One thing that I can’t stress enough for maintaining a healthy lifestyle is to MEAL PREP! No matter what your goals are, whether it’s strictly to look as bad ass as you can or if it’s just to feel healthier, meal prep is essential!
Making food at home takes time. Without a plan, it’s hard to stay consistent throughout the week. Learning how to effectively meal prep is a necessity if you want to stick to a clean eating diet.
Having a schedule or having everything written down what you are going to eat will not only help you stick to your plan, it’ll make everything so much simpler.
First, you’ll want to set yourself up with a system. I like to plan ahead and meal prep for a whole week, sometimes it’s hard enough trying to plan two days in advance, so set yourself up with a schedule that will work for you. I will typically go to the grocery store on Sunday afternoon, and again on Wednesday evenings. I pick up everything I need for that week.
I am a creature of habit, so I do well with general guidelines that I can repeat one week to the next.
Next, you’ll want to pick out a variety of food, based on your goals for each meal of the day. Come up with four to five different options for breakfast, lunch, dinner and snacks. I try and use ingredients that I already have in the fridge/pantry to limit the amount of food that gets wasted. Choose different types of grains, produce, and protein sources to cover your meals for the length of your schedule.
Whichever was is easiest for you, make sure you are writing down your meal plan. A chalkboard in the kitchen, or calendar on the fridge is always a good option. If you are a little more tech savvy like me, something like www.myfitnesspal.com might be a better more fun option for you. A lot of times, I will just copy an old meal plan on the weeks that are a little busier. Just remember, one of the best things you can do for yourself is to switch out the foods you are eating. If you eat the same meals every single day, your body starts to deprive itself of nutrients that exist in other type of foods that you may be cutting out.
A goal that I set for myself is to try one new recipe per week. I really love making a clean version of “regular” foods.
Here is a template that I tend to go by, insert your own variations of foods and eat smaller meals more times a day.
Meal 1: Breakfast
Meal 2: Snack
Meal 3: Lunch
Meal 4: Mid-Day Snack
Meal 5: Dinner
Meal 6: Snack (optional)
Once you have four to five different choice for each category, create several different meal plans and switch them out as the days/weeks pass.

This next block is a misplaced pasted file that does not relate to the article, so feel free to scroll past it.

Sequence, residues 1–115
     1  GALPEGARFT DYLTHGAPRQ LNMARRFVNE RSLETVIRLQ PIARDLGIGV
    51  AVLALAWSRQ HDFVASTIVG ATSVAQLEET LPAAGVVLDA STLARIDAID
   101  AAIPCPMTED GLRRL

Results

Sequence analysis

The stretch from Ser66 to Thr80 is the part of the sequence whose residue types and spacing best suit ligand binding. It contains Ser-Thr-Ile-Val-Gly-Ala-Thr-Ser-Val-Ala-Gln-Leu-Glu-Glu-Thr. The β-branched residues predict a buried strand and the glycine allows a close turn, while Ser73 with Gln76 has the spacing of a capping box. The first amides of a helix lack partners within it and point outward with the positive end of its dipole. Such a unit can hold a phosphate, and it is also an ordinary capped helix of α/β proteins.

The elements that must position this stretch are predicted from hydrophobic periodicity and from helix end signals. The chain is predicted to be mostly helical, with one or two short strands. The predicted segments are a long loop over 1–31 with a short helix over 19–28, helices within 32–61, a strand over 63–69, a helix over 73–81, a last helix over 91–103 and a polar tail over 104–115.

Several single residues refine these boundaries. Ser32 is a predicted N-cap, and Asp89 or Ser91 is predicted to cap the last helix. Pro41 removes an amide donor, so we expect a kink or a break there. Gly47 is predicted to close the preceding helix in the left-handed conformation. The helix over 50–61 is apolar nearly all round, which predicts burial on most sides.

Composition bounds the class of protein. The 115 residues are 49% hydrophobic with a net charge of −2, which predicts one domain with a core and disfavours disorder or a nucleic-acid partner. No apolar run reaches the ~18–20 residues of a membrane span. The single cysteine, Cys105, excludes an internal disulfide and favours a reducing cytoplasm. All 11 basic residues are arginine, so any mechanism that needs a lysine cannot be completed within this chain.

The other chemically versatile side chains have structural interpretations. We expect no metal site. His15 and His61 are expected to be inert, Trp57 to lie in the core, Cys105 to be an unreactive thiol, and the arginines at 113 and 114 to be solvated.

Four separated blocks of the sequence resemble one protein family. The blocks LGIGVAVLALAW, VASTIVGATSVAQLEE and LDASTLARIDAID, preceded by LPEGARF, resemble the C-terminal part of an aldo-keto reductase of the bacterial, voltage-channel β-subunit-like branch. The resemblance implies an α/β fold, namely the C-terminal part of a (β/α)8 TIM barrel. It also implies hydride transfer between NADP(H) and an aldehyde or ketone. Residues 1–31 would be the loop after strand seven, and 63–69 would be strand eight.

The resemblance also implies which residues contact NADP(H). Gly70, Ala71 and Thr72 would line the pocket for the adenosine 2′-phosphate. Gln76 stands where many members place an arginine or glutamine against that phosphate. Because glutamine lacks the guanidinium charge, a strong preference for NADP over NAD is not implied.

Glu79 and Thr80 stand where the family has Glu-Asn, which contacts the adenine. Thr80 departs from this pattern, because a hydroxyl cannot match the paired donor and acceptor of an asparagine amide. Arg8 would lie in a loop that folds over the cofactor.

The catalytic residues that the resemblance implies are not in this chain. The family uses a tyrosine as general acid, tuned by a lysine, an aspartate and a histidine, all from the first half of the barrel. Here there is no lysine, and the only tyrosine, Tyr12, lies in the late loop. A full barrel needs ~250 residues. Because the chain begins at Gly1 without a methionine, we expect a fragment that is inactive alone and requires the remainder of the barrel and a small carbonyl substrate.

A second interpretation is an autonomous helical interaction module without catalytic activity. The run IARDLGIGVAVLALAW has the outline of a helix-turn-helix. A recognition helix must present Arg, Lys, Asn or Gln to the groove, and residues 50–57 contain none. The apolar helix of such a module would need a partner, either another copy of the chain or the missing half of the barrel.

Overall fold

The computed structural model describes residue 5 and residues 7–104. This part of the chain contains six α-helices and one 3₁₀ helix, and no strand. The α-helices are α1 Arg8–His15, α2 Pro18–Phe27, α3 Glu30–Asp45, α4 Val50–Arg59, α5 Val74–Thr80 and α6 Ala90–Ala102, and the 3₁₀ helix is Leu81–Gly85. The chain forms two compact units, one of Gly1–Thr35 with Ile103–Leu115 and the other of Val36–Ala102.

Next, get in the kitchen! Plan one or two nights per week that are dedicated to being in the kitchen. Mine are Wednesdays and Sundays. A good tip for measuring portion control is well, measuring! Measure and weigh all your food! Now when you are preparing meals for an entire family, I understand how that may be a little difficult, and you aren’t going to necessarily weigh out your kids foods! So just keep your overall goals in mind when preparing your meals.
I have an array of Tupperware. It’s my best friend in meal prepping. Put all of your meals in “to go” Tupperware and you’re set!
I’m writing about protein because I receive many e-mails asking about my diet; people wonder if I only eat protein, if I eat just fish, how much protein to include in the daily diet, etc.
First I want to be very clear about the quantity of protein, because over-eating protein or other macronutrients will result in fat and weight gain. It’s also important to know that the calories are very important when you design a diet. To know the exact grams that a person has to eat is impossible, but some research can help to find a good formula for a balanced diet.
So how do you calculate your protein needs? It depends on multiple factors, including height, weight, activity (sedentary, active, elite athlete).
Usually the formula is:
• Average healthy sedentary adult: 0.5-.7 grams of protein per pound bodyweight
• Average healthy active adult: 0.8-1 grams of protein per pound of bodyweight
You’ll also find this proportion in some bodybuilding and fitness articles: 0.8-1.5 grams of protein per pound of bodyweight.
Another way to calculate how much protein you need is by using daily calorie intake and the percentage of calories that will come from protein. To do this, you’ll need to know how many calories your body needs each day.
To factor protein into your total daily calorie intake, you just need to know that 1 gram of protein contains 4 calories. Multiply the grams of protein you’re going to eat each day by 4 to figure out exactly how many calories your protein intake will account for. For example, my weight is 130 pounds. I eat 130 grams of protein per day, and 130X4= 520 calories from protein per day.
Here are some protein facts:
• The American Heart Association recommends that 10 to 15 percent of your daily calorie intake come from a source of protein.
• Protein is a vital part of every tissue, cell and organ in your body. Protein is in a constant process of being broken down and replaced by the essential amino acids in your diet. Proteins are composed of chains of 20 different kinds of amino acids.
• Hair and nails are mostly made of protein.
• Your body uses protein to make enzymes, antibodies, hormones and other body chemicals.